[hist-analytic] "If" and "If ..., Then ..."
Jlsperanza at aol.com
Jlsperanza at aol.com
Fri Oct 16 22:23:33 EDT 2009
I do not want to intrude in the interesting Bayne/Aune commentary, but it
may do to express my reaction upon reading Grice, "Indicative Conditionals",
WoW. Way of Words.
He says, rather stipulatively, that
"if p, q"
gets the horseshoe.
The addition of the 'inferrability' particle, "then", notably does NOT get
I would think the point may do in the Romance Languages. The 'if' particle
if just the 'si' of Latin, 'se' of Italian, 'si' of French and Spanish.
"si p, q"
the addition of 'then' may be a trick. In some Spanish-language logic
textbooks, it gets translated as "entonces",
"si p, entonces q"
--- but it's never a phrase I heard a neighbour say!
I would think the French equivalent may be the 'donc', but you bet.
Now, as R. Grandy knows -- see his contribution to "Legacy of Grice" for
the Berkeley Linguistics Society, it was Strawson who mainly Grice is
thinking of. Strawson held that there is a parallel between ASSERTED inferences
if p, q
if p, then q
Now, for some reason, the 'therefore' gets translated in Spanish-language
textbooks as "por consiguiente", o "luego", which is NOT again something I
ever heard any of my neighbours utter. In Latin it would be 'ergo', but
Russell/Whitehead POSTdates Latin!
So the best way is indeed to deal, as Bayne does, with Philonian (versus
Chrysippan?) implication, and consider the horseshoe (whatever its linguistic
realisation) as purely truth-functional.
Grice seems to be saying that the addition of the "then" makes for MORE
than a truth-functional operator.
Uttering "if" clauses without the 'then' re-inforcer is to Grice no breach
to the 'paradoxes' of material implication, which are all true.
Oddly, this PHILO is NOT the Philo, apparently, that occupies a few volumes
in my beloved Loeb Classical Library. It is, as it were, a minor Philo.
When I was reviewing articles for Margarita Costa for the Bulletin of the
Institute of Philosophy (in that wonderful building of the University of
Bueos Aires in 25 de mayo Street in downtown Buenos Aires) I recall coming
across what I then (and still now) thought a jewel:
J. F. Thomson, "In defense of the material conditional"
--- this was a posthumous lecture by Thomson, dated 1966 (I think) and
poshumously published by Mrs. Thompson (Judith Jarvies). Thompson, who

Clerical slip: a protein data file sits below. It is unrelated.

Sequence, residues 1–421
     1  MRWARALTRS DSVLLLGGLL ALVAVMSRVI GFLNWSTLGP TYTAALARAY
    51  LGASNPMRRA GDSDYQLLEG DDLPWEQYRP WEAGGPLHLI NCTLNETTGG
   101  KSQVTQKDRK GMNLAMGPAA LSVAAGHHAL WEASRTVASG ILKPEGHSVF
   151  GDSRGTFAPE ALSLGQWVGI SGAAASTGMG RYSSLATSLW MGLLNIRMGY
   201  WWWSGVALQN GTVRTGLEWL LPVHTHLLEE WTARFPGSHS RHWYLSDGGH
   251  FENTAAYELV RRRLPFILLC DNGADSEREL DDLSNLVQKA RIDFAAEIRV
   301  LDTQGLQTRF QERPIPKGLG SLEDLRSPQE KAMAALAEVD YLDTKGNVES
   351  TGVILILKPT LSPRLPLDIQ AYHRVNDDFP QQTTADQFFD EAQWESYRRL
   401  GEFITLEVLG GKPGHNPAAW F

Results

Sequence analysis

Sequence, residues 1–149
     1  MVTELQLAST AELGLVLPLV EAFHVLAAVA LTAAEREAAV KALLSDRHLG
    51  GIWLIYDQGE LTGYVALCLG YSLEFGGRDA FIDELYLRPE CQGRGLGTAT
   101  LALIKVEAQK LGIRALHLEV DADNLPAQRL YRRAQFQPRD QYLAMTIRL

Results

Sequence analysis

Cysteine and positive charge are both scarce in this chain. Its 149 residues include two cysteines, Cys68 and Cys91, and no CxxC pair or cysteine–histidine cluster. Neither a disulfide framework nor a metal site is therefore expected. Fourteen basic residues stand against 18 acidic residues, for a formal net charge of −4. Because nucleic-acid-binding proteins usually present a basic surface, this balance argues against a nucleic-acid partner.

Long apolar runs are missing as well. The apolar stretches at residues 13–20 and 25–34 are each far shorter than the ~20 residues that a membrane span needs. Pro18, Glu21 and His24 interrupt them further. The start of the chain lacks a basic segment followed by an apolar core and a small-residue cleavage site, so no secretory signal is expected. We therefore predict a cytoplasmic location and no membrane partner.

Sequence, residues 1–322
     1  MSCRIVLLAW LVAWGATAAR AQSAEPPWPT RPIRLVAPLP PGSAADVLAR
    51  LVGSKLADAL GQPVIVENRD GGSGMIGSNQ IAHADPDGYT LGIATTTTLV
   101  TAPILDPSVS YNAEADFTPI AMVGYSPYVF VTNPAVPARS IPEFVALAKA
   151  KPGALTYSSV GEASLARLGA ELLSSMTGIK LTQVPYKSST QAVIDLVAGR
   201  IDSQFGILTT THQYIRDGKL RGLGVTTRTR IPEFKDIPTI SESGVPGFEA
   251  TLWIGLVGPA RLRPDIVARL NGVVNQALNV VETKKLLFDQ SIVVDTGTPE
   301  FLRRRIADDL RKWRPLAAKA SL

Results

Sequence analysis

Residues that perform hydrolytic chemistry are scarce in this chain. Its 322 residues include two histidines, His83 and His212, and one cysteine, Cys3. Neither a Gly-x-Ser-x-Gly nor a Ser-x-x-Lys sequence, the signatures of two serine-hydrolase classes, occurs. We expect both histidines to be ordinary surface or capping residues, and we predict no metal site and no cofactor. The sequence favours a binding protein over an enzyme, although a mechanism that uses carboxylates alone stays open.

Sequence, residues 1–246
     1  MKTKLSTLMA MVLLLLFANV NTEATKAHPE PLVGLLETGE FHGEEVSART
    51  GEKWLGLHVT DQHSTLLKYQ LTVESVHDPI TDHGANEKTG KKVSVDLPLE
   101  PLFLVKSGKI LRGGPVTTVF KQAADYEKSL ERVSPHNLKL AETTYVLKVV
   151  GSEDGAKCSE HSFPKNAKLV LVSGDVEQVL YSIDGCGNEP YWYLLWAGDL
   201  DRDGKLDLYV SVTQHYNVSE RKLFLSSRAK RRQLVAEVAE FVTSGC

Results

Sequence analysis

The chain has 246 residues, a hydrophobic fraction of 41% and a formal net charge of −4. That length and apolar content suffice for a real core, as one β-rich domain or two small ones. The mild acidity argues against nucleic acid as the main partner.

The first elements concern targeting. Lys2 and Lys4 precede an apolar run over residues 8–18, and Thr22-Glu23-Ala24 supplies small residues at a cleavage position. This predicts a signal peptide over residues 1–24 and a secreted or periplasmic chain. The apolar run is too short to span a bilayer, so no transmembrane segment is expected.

collaborated with Grice on this and that, holds very similar tenets.
Strawson's reply on the other hand had been doing the rounds since 1968,
and was finally published by Grandy/Warner, in the PGRICE festschrift.
(Strawson has also reprinted it in his Entity and Identity, for the Clarendon
In this paper, Strawson 'recollects' Grice's distinction between
This, _NOT_ in the sense referred to by Bayne in the segment below. Rather,
in terms of 'implicature'. For Grice (and recall he is basically
criticising Strawson's vademecum, Introduction to logical theory, 1952),
by uttering "if p, q", the utterer NON-CONVENTIONALLY (i.e.
conversationally) implies (or 'implicates' as he prefers) that
there is an inferrability link between p and q. This is
cancellable, for example, in the paradoxes of material implication.
For Strawson, rather, and this seems to be Grandy's point in the Legacy of
by uttering "if p, q", the utterer CONVENTIONALLY implies such
I recall a class on conditionals (held on Saturday mornings no less) by D.
S. M. Edgington. She, oddly, had never seen the Strawson paper till I
showed it to her (The meetings were in a rather derelict, if that's the word,
section of Buenos Aires, where the Argentine Society for Philosophical
Analysis was holding those seminars). Edgington had come fresh from Oxford to
teach the natives that neither Grice nor Strawson nor Russell nor C. I. Lewis
were RIGHT. "If p, q" has NO truth-conditions!
If anything, her seminar served me to systematise all the theories
involved, and with the help of some Jackson and D. K. Lewis, to arrive at a
neo-Griceanism of sort which still holds the 'identity' thesis between, yes, the
'if p, q' and the horseshoe.
But a horse says nay.
J. L. Speranza"
In a message dated 10/16/2009 1:48:59 P.M. Eastern Daylight Time,
Baynesr at comcast.net writes:
he says that ‘if…then’ is indicated with a horseshoe. This is sometimes
the case, but if I’m not mistaken ‘if…then..’ is generally distinguished
from ‘implies’ and it is ‘implies’ that gets the horseshoe. If there is a
doubt take a look at Russell’s Principles of Mathematics 1903 "Implication
and Formal Implication." It’s an old book, but I can’t recall a case where
‘if…then…’ gets the horseshoe, but maybe. Any examples? Reichenbach did
do this occasionally. It Is not uncommon to think of entailment is just a
bracketed expression where the primary operator is material implication, but
where outside the left bracket we have a necessity operator. Here there is
no need to make a distinction.
-------------- next part --------------
An HTML attachment was scrubbed...
More information about the hist-analytic